Opponents of the University of Missouri's decision to revamp its academic publishing business plan to meet to discuss their next steps.
Organizers of Tuesday's meeting say the school's plans to replace the press with a digital publishing operation that will rely largely on student workers will provide a poor substitute for the traditional university press model. Some members of the Columbia campus chapter of the American Association of University Professors are scheduled to meet with university system president Tim Wolfe later Tuesday.
Folks in the western Missouri city of Nevada are getting the chance to make examples of themselves when it comes to health and wellness.
The town is embarking on an initiative to improve the health of its citizens and the quality of health care they receive.
The Kansas City-based health care technology company Cerner is teaming up with local officials on the initiative. The city's hospital will spend $10 million on an electronic medical records system that will allow information to be shared with the town's two dozen doctors and medical experts in bigger cities.
The 911 Services administrator for Stoddard County in southeast Missouri is calling attention to a growing problem of children playing with discarded cellphones and accidentally calling 911.
The Dexter Daily Statesman reports that Carol Moreland says parents are apparently unaware that dialing random numbers from a cellphone or landline phone will eventually reach the 911 dispatch center, causing a distraction for dispatchers and emergency personnel.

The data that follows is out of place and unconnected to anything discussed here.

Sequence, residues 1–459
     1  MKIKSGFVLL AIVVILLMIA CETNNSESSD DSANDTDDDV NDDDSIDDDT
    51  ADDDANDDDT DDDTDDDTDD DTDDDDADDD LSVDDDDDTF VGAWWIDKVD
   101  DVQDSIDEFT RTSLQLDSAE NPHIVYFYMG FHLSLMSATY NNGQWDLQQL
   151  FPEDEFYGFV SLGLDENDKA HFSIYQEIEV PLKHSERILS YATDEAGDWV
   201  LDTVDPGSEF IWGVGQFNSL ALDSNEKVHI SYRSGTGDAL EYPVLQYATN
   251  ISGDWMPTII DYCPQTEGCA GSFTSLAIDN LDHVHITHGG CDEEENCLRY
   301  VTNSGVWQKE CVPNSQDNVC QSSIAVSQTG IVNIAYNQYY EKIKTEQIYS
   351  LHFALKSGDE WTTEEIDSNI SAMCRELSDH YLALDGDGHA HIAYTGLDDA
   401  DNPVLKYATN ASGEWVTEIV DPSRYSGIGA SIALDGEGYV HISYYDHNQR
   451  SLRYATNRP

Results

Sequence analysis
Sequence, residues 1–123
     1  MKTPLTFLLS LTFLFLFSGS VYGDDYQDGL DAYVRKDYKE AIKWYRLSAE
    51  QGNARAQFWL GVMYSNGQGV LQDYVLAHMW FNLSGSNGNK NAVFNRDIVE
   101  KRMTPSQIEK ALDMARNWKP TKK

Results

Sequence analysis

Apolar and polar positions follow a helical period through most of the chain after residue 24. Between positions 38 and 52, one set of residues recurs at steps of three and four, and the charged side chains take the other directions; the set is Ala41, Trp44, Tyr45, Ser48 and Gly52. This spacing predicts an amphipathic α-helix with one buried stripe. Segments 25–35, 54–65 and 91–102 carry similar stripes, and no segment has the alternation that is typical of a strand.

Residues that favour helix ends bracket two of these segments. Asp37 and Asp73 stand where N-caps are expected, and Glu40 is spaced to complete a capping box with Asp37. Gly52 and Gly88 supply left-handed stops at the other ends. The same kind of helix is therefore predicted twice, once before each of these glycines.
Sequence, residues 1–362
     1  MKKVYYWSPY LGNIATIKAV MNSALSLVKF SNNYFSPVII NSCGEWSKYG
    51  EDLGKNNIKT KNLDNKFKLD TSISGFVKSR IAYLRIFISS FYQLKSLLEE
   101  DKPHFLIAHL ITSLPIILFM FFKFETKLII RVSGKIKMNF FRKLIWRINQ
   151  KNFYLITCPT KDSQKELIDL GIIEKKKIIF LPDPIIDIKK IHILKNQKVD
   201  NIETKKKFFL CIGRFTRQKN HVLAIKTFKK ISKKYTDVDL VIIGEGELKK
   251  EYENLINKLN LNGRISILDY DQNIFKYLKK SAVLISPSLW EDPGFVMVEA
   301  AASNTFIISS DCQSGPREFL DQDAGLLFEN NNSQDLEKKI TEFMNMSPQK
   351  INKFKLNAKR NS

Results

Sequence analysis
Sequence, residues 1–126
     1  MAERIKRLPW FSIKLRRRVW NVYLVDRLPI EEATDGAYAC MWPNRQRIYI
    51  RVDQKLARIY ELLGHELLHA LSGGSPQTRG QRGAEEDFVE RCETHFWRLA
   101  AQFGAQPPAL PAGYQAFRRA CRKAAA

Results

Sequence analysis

The Missouri Department of Conservation is holding several meetings to discuss regulations for blue catfish.
Anglers and conservation officials have been concerned about declining blue catfish catches from Truman Reservoir for two decades and more recently from the Lake of the Ozarks. Both lakes have at least adequate numbers of smaller blue catfish but heavy fishing for those 24 inches and larger is keeping sizes smaller. The two lakes are formed by separate dams on the Osage River.
Gov. Jay Nixon and University of Missouri president Tim Wolfe will join utility executives and business leaders at an event designed to boost support for building small modular nuclear reactors in the state.
The event Monday on the Columbia campus is billed as an economic development summit, while officials await word on a U.S. Department of Energy grant application.
Westinghouse Electric Co. and Ameren Missouri are competing for a share of the $452 million the energy department has set aside for the new technology.
President Barack Obama has nominated a Missouri native to serve as the next chief of the National Guard Bureau.
Army Lt. Gen. Frank Grass currently serves as deputy commander of U.S. Northern Command. He began his career by enlisting in the Missouri Army National Guard in 1969 at Jefferson Barracks in St. Louis.
As head of the National Guard Bureau, Grass will be the senior uniformed officer responsible for all policies and programs affecting the Army and Air National Guard. His appointment still needs confirmation from the U.S. Senate.
Civil War buffs are preparing to dedicate a memorial to mark the 150th anniversary of a central Missouri battle that helped weaken southern recruiting efforts in the state.
The Columbia Daily Tribune reported that a Union force of about 700 men clashed with fewer than half as many Confederate guerillas on July 28th, 1862, in the Battle of Moore's Mill. After about four hours of fighting near what is now the town of Calwood, the guerillas fled.
The Union recorded 13 deaths. There is disagreement about how many Confederate troops died.